November 23, 1998 12:00 PM

On a visit to the Warner Bros. studio a few years ago during production on one of their four Batman movies, Bob Kane scowled when he passed a wall decorated with Warner cartoon stars. “He said, ‘Always Bugs Bunny! Where’s Batman?’ ” recalls Paul Levitz. publisher of DC Comics. “So I grabbed some Magic Markers and told him to go at it. He did, and I think Batman and Robin are still on that wall.”

Kane, who died of an apparent heart attack in his West Hollywood penthouse Nov. 3 at 83, first drew the moody crime fighter in 1939. His Caped Crusader went on to generate billions from toys, the ’60s TV show and the Batman films. “He died in my arms,” says second wife Elizabeth Sanders, 48, an actress he married in 1987.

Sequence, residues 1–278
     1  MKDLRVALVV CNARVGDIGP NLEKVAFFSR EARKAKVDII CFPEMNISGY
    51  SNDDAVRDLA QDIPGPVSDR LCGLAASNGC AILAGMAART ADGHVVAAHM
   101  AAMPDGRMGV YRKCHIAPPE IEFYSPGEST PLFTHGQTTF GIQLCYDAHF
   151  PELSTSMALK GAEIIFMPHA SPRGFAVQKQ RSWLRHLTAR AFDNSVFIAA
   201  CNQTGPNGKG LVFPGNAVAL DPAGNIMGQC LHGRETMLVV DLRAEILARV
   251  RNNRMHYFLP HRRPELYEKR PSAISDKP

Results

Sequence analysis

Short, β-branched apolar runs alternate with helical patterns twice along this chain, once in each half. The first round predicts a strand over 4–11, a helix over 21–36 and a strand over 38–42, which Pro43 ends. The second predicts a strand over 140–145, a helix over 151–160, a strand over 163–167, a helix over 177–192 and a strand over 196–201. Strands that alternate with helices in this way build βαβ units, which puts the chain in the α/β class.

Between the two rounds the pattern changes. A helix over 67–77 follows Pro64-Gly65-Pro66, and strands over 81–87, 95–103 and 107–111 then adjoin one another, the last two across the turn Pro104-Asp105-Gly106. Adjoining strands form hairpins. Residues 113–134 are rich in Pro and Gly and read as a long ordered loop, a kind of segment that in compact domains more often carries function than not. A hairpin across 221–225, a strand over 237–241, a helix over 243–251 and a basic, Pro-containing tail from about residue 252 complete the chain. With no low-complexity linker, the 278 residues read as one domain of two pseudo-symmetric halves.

Brooklyn-born Kane led a life as serendipitous as Batman’s was clouded by tragedy. After attending art school in Manhattan, he landed a $25-a-week job with DC Comics in 1938. The next year, assigned to create a hero as successful as Superman, he decided to morph Zorro, the title character in the movie The Bat and a Leonardo da Vinci sketch of a vehicle with bat like wings into a dark dude. “I wanted to create a costume that was so awesome,” Kane told PEOPLE in 1989, “that the crooks would be petrified.” Stan Lee, 75, a pal and the creator of Spiderman, says he and Kane used to sock each other on the arm while arguing whose superhero was supreme. “He’d shout, ‘Batman!’ I’d shout, ‘Spiderman!’ And we’d go on like that until we broke up laughing,” says Lee. “I’m going to miss that laugh.”

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